Role of AKT and ERK pathways in controlling sensitivity to ionizing radiation and adaptive response induced by low-dose radiation in human immune cells

Hyung Sun Park, Ga Eun You, Kwang Hee Yang, Ji Young Kim, Sungkwan An, Jie Young Song, Su Jae Lee, Young Khi Lim, Seon Young Nam

Research output: Contribution to journalArticle

15 Citations (Scopus)

Abstract

Despite many studies of the effect of ionizing radiation, biological mechanisms of action might differ greatly depend on dose, dose rate, and cell type. This study was performed to explore the effects of low- and high-dose radiation in human immune cell lines. We examined cell sensitivity after irradiation with 0.05, 0.1, or 2 Gy in two normal cell lines and three tumor cell lines. Low-dose radiation of 0.05 and 0.1 Gy had no effect on cell survival in any tested cell line, with the exception of IM-9 cells, whose viability was transiently increased. However, IM-9 and C1R-sB7 cells were very sensitive to high-dose radiation-induced cell death, whereas Jurkat and JM1 cells showed moderate sensitivity, and THP-1 cells were completely resistant. This radiosensitivity was correlated with basal AKT activation, which is induced by phosphorylation. In radiosensitive IM-9 cells, priming with chronic low-dose irradiation blocked cell death induced by high-dose radiation challenge via inhibition of caspase activation and PARP cleavage. AKT phosphorylation was not altered in IM-9 cells, but ERK phosphorylation was greatly elevated immediately after chronic low-dose irradiation. Taken together, our results suggest that the different responses of normal and tumor cells to low-dose and high-dose radiation depend on AKT activation, which is regulated by protein phosphatase 2 (PP2A). In radiosensitive normal cells lacking basal AKT activity, chronic low-dose radiation increases activation of the ERK pathway, which plays an important role in the adaptive response to radiation, providing a very important insight into understanding the effects of ionizing radiation on health.

Original languageEnglish
Pages (from-to)653-660
Number of pages8
JournalEuropean Journal of Cell Biology
Volume94
Issue number12
DOIs
StatePublished - 2015 Dec 1

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MAP Kinase Signaling System
Ionizing Radiation
Radiation
Phosphorylation
Cell Line
Cell Survival
Cell Death
Protein Phosphatase 2
Jurkat Cells
Radiation Tolerance
Caspases
Tumor Cell Line
Health

Keywords

  • AKT
  • Apoptosis
  • ERK
  • Ionizing radiation
  • Low-dose

Cite this

Park, Hyung Sun ; You, Ga Eun ; Yang, Kwang Hee ; Kim, Ji Young ; An, Sungkwan ; Song, Jie Young ; Lee, Su Jae ; Lim, Young Khi ; Nam, Seon Young. / Role of AKT and ERK pathways in controlling sensitivity to ionizing radiation and adaptive response induced by low-dose radiation in human immune cells. In: European Journal of Cell Biology. 2015 ; Vol. 94, No. 12. pp. 653-660.
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Role of AKT and ERK pathways in controlling sensitivity to ionizing radiation and adaptive response induced by low-dose radiation in human immune cells. / Park, Hyung Sun; You, Ga Eun; Yang, Kwang Hee; Kim, Ji Young; An, Sungkwan; Song, Jie Young; Lee, Su Jae; Lim, Young Khi; Nam, Seon Young.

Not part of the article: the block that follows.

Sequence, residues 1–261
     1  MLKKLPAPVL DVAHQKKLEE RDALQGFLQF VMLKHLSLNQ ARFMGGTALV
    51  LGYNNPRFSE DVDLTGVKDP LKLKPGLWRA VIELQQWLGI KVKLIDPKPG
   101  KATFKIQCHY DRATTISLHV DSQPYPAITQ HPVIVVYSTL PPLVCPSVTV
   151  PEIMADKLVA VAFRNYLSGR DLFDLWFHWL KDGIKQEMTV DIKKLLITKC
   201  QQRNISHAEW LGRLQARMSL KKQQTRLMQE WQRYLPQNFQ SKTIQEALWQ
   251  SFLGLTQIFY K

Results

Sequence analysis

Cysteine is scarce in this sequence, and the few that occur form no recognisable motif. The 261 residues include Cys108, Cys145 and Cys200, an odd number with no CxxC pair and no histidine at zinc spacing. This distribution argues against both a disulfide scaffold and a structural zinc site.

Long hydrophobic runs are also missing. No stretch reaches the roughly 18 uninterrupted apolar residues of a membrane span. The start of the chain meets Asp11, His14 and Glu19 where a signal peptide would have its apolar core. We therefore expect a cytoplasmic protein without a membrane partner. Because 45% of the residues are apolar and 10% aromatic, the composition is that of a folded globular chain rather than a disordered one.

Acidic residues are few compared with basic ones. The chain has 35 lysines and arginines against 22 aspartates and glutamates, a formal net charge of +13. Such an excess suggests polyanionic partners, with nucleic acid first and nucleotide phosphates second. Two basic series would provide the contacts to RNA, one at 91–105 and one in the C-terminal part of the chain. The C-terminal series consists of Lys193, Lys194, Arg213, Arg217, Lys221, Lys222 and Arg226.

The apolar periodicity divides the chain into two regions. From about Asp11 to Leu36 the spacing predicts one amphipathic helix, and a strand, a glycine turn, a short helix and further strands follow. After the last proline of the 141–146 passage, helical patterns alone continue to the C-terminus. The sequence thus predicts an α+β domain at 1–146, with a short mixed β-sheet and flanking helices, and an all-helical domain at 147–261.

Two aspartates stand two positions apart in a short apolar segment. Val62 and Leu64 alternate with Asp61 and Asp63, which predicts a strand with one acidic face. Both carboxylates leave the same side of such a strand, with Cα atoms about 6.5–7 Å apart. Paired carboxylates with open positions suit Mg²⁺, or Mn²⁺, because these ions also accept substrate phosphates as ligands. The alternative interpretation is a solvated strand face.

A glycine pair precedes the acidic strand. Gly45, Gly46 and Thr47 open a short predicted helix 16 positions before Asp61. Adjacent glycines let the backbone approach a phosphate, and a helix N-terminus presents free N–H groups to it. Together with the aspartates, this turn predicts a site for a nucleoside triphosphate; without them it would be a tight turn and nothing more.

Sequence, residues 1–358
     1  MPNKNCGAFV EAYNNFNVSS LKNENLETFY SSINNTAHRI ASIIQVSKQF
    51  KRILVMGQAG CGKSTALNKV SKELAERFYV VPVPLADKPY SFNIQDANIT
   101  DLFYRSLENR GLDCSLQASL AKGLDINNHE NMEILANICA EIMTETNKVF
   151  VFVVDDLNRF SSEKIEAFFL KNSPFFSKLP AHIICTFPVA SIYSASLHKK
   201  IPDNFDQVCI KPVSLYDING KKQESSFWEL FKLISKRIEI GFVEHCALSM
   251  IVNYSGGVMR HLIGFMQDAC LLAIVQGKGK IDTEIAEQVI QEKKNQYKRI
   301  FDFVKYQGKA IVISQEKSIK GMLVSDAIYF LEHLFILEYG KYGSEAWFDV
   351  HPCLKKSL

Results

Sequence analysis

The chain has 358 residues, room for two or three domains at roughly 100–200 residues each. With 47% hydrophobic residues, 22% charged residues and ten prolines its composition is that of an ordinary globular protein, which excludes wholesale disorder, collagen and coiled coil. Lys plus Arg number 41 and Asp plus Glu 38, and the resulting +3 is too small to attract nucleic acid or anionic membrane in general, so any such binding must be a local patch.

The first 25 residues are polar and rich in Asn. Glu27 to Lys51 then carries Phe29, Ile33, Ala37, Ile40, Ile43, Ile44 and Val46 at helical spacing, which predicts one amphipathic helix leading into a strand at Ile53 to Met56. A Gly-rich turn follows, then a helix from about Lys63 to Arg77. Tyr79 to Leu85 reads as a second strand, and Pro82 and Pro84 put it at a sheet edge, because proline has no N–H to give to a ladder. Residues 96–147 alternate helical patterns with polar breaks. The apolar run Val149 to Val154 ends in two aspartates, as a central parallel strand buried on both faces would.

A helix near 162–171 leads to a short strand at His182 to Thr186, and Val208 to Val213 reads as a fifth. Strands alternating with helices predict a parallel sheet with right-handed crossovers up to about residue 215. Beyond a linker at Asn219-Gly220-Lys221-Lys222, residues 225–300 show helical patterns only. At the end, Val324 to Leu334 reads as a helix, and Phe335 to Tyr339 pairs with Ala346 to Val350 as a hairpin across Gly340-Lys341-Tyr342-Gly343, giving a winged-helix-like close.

In: European Journal of Cell Biology, Vol. 94, No. 12, 01.12.2015, p. 653-660.

Research output: Contribution to journalArticle

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AU - Park, Hyung Sun

AU - You, Ga Eun

AU - Yang, Kwang Hee

AU - Kim, Ji Young

AU - An, Sungkwan

AU - Song, Jie Young

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AU - Lim, Young Khi

AU - Nam, Seon Young

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AB - Despite many studies of the effect of ionizing radiation, biological mechanisms of action might differ greatly depend on dose, dose rate, and cell type. This study was performed to explore the effects of low- and high-dose radiation in human immune cell lines. We examined cell sensitivity after irradiation with 0.05, 0.1, or 2 Gy in two normal cell lines and three tumor cell lines. Low-dose radiation of 0.05 and 0.1 Gy had no effect on cell survival in any tested cell line, with the exception of IM-9 cells, whose viability was transiently increased. However, IM-9 and C1R-sB7 cells were very sensitive to high-dose radiation-induced cell death, whereas Jurkat and JM1 cells showed moderate sensitivity, and THP-1 cells were completely resistant. This radiosensitivity was correlated with basal AKT activation, which is induced by phosphorylation. In radiosensitive IM-9 cells, priming with chronic low-dose irradiation blocked cell death induced by high-dose radiation challenge via inhibition of caspase activation and PARP cleavage. AKT phosphorylation was not altered in IM-9 cells, but ERK phosphorylation was greatly elevated immediately after chronic low-dose irradiation. Taken together, our results suggest that the different responses of normal and tumor cells to low-dose and high-dose radiation depend on AKT activation, which is regulated by protein phosphatase 2 (PP2A). In radiosensitive normal cells lacking basal AKT activity, chronic low-dose radiation increases activation of the ERK pathway, which plays an important role in the adaptive response to radiation, providing a very important insight into understanding the effects of ionizing radiation on health.

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